When Jeremy Corbyn peers into his bathroom mirror, an event we assume to be infrequent and cursory, he expects to see a slightly craggy, beardy face reflected back. But in recent days his closest resemblance seems to be, in fact, to the over-nourished, beaming blondness of one Boris Johnson. At first glance it would appear that Corbyn, a pacifist vegetarian with a distaste for the media, and Johnson, a bon viveur who has used his journalistic platform to insult friend and foe alike, could not be more different. But look more closely and startling parallels appear.
Let’s work from the outside in. Both dress and present themselves in a way that typifies the political class they represent. Jeremy, with his fondness for a slightly crumpled suit, a Lenin cap and beard, most resembles a twenty-first century revival of a 1980s Essex University Politics lecturer on a CND march. I don’t recall seeing him in corduroy but imagine that he has clothing of that material hanging in his probably not very extensive wardrobe, occasionally fondling the fabric with nostalgia, waiting for that moment when all the planets align/the workers of the world unite* and a corduroy jacket, preferably with vegan leather elbow patches and lots of slogan-bearing badges, is once again the last word in Leftist style.
In just the same way, Boris is the living, breathing embodiment of a privileged elite. His corpulent frame and flushed face are a latter day incarnation of Squire Western from Tom Jones, an eighteenth century huntin’, fishin’, shootin’, wine-women-and-song type. Make that lots of wine. And women. Although Boris is distinctly metropolitan and it is difficult to imagine him in wellies or peddling his bike down country lanes, you get the feeling that he would have been right at home 250 years ago. Picture if you will (although for reasons of taste you may prefer not to) Boris squeezed into a pair of breeches and long, embroidered coat, a powdered wig at a jaunty angle on his sweaty head, perhaps immortalised in an engraving by Hogarth. Ensconced in a high-backed, winged leather armchair, a buxom wench perched on the arm, he would relish watching the globe turn imperial pink and the Augustan revival of the Classics, whilst dashing off articles for a Grub Street pamphlet, at a safe distance from the 2013 Defamation Act.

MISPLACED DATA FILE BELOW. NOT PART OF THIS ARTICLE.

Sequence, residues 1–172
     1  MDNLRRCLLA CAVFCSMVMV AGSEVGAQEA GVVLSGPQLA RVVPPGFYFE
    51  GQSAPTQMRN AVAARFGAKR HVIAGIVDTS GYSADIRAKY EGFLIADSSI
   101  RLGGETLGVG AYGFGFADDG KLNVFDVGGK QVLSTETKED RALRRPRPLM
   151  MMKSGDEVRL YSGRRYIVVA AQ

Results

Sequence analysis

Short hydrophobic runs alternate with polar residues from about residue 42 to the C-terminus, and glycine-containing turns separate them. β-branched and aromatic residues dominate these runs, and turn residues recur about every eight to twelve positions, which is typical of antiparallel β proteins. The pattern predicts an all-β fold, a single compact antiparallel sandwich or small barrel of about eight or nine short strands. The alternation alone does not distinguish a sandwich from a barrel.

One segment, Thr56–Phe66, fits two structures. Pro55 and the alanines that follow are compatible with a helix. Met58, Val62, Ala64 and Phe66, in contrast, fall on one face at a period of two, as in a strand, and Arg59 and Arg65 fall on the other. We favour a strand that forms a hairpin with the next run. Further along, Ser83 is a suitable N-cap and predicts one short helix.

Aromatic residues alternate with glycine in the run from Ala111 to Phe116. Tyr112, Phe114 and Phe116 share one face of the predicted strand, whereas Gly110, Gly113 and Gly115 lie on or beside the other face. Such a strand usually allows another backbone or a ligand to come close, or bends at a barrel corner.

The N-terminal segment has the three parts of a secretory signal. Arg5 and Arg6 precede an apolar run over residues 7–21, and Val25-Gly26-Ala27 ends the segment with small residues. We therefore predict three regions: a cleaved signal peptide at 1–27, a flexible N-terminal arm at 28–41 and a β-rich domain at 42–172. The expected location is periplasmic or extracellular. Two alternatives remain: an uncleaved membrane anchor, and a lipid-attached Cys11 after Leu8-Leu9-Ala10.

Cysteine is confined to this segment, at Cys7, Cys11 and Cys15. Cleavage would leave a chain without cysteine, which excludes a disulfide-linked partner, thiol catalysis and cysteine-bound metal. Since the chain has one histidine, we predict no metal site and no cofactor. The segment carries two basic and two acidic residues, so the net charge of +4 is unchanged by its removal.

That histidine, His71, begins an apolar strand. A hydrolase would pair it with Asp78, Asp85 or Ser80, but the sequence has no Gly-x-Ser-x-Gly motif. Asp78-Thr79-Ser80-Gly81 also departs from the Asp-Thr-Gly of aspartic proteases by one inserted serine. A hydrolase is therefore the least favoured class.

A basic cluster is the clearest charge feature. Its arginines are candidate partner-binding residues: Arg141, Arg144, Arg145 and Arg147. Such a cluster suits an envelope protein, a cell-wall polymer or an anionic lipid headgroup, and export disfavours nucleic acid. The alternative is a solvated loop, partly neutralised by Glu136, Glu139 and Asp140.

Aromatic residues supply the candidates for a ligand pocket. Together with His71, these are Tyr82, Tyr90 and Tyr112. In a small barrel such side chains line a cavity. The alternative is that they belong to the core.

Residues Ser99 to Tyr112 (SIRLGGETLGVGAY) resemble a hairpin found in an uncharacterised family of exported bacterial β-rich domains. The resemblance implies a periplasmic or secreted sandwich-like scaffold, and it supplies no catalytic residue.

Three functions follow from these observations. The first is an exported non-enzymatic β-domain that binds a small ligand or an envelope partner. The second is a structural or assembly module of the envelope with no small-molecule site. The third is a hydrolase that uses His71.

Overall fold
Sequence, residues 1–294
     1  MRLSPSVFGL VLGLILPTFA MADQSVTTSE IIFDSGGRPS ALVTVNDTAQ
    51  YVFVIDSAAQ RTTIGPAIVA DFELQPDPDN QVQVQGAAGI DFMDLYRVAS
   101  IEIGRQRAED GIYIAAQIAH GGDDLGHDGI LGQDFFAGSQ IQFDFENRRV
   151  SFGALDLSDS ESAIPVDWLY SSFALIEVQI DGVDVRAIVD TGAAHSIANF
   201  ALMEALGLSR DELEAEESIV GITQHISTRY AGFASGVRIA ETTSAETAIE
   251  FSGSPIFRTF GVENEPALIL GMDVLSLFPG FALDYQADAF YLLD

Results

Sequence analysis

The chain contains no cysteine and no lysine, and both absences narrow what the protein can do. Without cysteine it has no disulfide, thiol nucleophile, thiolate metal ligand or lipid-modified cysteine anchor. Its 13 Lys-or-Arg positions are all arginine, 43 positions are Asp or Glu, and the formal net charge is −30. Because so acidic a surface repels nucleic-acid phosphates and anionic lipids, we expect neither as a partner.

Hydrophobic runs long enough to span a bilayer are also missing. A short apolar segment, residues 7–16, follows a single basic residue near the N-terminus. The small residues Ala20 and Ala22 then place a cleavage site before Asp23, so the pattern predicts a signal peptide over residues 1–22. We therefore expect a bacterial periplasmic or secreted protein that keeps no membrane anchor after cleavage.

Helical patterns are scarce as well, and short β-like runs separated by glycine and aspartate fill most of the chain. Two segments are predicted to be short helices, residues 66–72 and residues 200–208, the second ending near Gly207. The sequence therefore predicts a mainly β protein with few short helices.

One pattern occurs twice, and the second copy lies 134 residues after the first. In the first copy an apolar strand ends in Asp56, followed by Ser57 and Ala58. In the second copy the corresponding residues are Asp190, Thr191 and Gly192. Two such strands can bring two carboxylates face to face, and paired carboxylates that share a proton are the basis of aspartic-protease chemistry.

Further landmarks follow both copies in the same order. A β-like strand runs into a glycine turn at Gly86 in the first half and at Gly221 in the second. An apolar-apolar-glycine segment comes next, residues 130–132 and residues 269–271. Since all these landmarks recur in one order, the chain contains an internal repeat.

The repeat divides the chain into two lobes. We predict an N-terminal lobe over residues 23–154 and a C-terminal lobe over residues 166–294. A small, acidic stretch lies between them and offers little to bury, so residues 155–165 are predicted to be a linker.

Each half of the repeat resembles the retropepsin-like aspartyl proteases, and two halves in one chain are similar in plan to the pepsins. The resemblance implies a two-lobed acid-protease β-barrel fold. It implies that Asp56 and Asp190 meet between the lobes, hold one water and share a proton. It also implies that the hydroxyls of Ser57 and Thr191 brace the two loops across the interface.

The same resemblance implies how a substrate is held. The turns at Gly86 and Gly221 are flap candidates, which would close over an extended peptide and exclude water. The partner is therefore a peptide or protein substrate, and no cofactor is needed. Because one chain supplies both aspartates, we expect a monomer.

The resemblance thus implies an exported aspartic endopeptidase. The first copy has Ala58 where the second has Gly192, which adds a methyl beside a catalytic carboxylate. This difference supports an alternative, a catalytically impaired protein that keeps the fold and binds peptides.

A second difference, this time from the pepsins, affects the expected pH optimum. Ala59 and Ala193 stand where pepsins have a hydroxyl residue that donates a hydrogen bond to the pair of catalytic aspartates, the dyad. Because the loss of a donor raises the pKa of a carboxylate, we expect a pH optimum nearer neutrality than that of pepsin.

Both men are equally polarising. You love them or hate them. You are for or against. Indifference is the only thing they don’t provoke. Both are equally adored from afar by large sections of the population and despised by many of those who know them best, their fellow MPs and party colleagues. Both have images that appear to be at variance with the reality.
Johnson is adored in Conservative Clubs up and down the country as the kind of chap that it would be great to have a pint with, a good laugh, a true Brit, a normal bloke, overlooking perhaps his dual nationality, Brussels education and fondness for Homeric epithets.
The popular perception is that Corbyn is also a man of the people, albeit very different people. He is seen as untainted by murky Westminster dealings, in touch with the downtrodden, an intellectual who rises above party politics. In reality he is from a middle class family, went to a prep school then grammar school before failing to complete his degree. He has pretty much been a career politician ever since, first in the trade union movement and then as an MP for 33 years. He has never actually had a ‘proper’ job. For someone who is seen to be above skulduggery, he also has a very intricate understanding of the Labour Party constitution.
Interestingly, the supporters of both have conjured up endearing nicknames for their idols. Boris is popularly known as BoJo as if he were a posh, portly X Factor contestant. Jeremy is Jezza or JC, perhaps after another bearded man of principle who had a knack of attracting disciples.
Both groups will also firmly maintain that their man is a secret genius, hiding their lights under rather sizeable bushels. Their intellectual depths, political acuity, spell-binding rhetoric are being kept in reserve for a special occasion. While listening to one waffle and the other drone, some of us feel these occasions might never arrive. One is all show and no substance; the other all substance and no show.
This may explain that why both are so very good at preaching to the converted but go down as well as a Trump for President bumper sticker outside a Hillary fundraiser at the rare events when they are unable to avoid confrontation. At a press conference with John Kerry, a serious and driven man, Boris blustered and stuttered and tried to make a joke of insulting his boss; Kerry looked like he’d swallowed a wasp. Meanwhile at PMQs Jeremy has torn into Cameron then May in a way which makes Geoffrey Howe’s dead sheep seem like a most ferocious beast indeed.